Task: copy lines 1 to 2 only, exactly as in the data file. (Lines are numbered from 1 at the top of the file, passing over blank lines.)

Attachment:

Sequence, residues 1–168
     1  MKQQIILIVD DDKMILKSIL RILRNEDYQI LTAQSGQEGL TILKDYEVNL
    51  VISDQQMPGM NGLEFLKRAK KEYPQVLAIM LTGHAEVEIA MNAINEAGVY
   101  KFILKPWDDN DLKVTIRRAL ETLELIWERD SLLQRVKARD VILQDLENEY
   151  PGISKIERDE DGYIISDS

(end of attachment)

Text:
Sequence, residues 1–168
     1  MKQQIILIVD DDKMILKSIL RILRNEDYQI LTAQSGQEGL TILKDYEVNL